This Article is From Apr 05, 2013

Punjabi film 'Sadda Haq', based on the Khalistan movement, banned in Delhi and Haryana

Punjabi film 'Sadda Haq', based on the Khalistan movement, banned in Delhi and Haryana
Patiala: Punjab Chief Minister Parkash Singh Badal on Friday justified the ban on 'Sadda Haq', a Punjabi movie believed to have glorified the Khalistan movement and its leaders, saying the state government was committed to maintain peace and harmony.

"It is our priority to maintain peace and communal harmony in the state... we don't want that the movie should vitiate the communal atmosphere of the state," he told reporters in Patiala after paying homage to Akali stalwart, the late Jathedar Gurcharan Singh Tohra on his 9th death anniversary.

A day before its release, the Chandigarh administration, Punjab and Haryana government banned the film on Thursday as it is understood to have glorified the Khalistan (separate Sikh homeland) movement and its leaders.

The movie is based on events in Punjab during 1980-90s and portrays alleged police torture and other inhuman practices that were reported during that period.

Punjab had witnessed great turbulence during the period in question and many police officers, including Punjab DGP Sumedh Singh Saini, are facing charges for crimes such as torture, murder/extra-judicial killings.

Meanwhile, in Amritsar, radical Sikh outfit Dal Khalsa condemned the Punjab government for banning the film on "frivolous charges" and demanded a rethink on the move.

H S Dhami, the Dal Khalsa chief, alleged that the Akali led Punjab government had suppressed "the right to expression" by banning the film in the state after coming under pressure from the bureaucracy.

Mr Dhami said it was ironic that the Shiromani Gurdwara Parbandhak Committee (SGPC), which had been at the forefront of the fight to get the film cleared by Censor Board, had failed to convince its own Akali government.

"By banning the film, the Punjab government has belittled the SGPC and Sikh institutions," Mr Dhami charged.

He said that instead of serving it as a "lame duck" and helpless leader, SGPC chief Jathedar Avtar Singh Makkar should quit the post in protest against the ban.

Noting that the Censor Board and SGPC had given their go-ahead for the film, Mr Dhami said that those against its screening were driven by a "communal mindset".

He said the song "Baagi", which has generated controversy, is not a part of 'Sadda Haq' and was recorded by Punjabi singer Jazzy B to promote the film.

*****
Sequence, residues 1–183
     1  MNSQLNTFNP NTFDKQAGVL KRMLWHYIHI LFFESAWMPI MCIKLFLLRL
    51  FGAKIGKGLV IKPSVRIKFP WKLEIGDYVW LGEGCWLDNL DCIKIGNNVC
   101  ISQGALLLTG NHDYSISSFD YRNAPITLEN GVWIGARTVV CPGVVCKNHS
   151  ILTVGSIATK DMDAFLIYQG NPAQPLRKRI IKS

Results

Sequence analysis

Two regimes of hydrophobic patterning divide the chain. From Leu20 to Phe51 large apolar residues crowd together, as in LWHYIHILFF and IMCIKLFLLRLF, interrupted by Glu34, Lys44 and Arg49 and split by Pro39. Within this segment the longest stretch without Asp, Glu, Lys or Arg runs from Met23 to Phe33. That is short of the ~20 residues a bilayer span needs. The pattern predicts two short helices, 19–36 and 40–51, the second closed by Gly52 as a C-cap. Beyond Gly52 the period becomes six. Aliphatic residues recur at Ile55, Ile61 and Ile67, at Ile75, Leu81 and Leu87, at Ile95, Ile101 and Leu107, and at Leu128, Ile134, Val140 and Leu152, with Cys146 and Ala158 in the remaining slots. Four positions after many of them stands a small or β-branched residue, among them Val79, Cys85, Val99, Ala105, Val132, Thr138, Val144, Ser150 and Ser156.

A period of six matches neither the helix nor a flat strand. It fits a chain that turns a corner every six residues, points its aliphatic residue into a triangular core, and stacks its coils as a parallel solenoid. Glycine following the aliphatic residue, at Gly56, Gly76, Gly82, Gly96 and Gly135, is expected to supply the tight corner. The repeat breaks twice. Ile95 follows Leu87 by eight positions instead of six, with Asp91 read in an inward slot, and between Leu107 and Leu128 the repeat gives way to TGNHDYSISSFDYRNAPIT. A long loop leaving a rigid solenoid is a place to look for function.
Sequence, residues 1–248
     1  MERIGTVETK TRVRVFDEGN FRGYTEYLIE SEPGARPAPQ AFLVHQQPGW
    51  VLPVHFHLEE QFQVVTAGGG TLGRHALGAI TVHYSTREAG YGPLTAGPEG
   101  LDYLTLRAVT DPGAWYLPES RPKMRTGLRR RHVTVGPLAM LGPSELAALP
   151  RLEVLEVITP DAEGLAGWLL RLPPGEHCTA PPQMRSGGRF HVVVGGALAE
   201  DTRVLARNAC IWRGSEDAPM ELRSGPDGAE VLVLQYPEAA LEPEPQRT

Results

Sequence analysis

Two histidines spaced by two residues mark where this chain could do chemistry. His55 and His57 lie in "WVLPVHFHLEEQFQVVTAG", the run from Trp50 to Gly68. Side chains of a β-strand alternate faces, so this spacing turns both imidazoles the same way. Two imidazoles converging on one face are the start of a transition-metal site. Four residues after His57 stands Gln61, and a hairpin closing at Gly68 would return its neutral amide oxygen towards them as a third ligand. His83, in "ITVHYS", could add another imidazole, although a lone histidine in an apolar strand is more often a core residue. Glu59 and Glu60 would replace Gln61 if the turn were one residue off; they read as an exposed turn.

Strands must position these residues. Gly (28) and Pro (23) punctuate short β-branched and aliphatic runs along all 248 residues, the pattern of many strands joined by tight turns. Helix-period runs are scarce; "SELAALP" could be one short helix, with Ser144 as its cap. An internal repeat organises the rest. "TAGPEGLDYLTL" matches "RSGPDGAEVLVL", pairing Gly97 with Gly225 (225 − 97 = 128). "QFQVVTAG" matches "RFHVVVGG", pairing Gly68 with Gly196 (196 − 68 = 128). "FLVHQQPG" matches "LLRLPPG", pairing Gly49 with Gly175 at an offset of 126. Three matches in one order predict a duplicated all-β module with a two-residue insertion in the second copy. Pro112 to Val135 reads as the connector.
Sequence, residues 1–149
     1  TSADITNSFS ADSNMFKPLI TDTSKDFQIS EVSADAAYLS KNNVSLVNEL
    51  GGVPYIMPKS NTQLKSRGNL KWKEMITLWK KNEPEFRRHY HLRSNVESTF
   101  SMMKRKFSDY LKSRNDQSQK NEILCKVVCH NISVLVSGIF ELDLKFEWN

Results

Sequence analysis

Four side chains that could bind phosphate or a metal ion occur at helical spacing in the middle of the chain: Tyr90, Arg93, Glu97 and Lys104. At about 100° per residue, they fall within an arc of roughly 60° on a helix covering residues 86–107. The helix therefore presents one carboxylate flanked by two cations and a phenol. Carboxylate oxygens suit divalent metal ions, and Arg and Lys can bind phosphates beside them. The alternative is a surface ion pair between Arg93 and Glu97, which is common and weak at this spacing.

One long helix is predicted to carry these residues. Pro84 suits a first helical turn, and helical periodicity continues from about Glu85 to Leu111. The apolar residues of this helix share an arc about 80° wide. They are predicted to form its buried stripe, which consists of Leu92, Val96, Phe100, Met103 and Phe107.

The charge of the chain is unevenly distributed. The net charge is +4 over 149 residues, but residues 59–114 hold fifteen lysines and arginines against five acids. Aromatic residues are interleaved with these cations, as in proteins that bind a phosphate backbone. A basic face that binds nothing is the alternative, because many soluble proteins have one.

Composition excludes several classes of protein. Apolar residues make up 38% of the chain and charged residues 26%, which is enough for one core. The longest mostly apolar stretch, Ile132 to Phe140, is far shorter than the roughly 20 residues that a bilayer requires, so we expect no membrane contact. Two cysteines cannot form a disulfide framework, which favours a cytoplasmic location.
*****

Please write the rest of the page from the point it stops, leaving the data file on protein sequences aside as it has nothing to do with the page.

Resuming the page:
According to reports, protests were held against the film at Phagwara and Hoshiarpur on Friday.

Following the footsteps of Punjab, the Chandigarh administration and the Haryana government too banned the screening of 'Sadda Haq'.

Kuljinder Sidhu, the producer and lead actor of the movie who was in Chandigarh, termed the ban as "shameful" and a "black spot on democracy".

Referring specifically to the Punjab government, he told PTI that "Instigated by a few anti-social elements, this government got an excuse to ban my movie.

"When the censor board has approved it, and even the SGPC has given a nod, I don't understand this ban."

This (ban) is a decision taken by a few bureaucrats, he added.

Mr Sidhu said he had tried to meet CM Parkash Singh Badal as well Deputy CM Sukhbir Singh Badal, but wasn't given an appointment.

Reiterating that the film had no provoking content and "actually gives out a positive message", he also rued that his point of view had not been heard.

He said that several national and international groups had asking him to take action, "but I have been requesting everyone to maintain peace."

Mr Sidhu said that he was left with no other option than to move the court against the ban.

Meanwhile, the film fraternity had rendered support to Mr Sidhu's right to freedom of expression.

Veteran Punjabi filmmaker Manmohan Singh said, "I have not seen the film, but why the ban when the censor board has cleared it?"

SGPC chief Avtar Singh Makkar, meanwhile, insisted that the government had taken the decision "from the law and order perspective".

When reminded that he had appointed a five-member panel that saw the film before backing it before the censor board, Mr Makkar argued he himself had not seen the movie.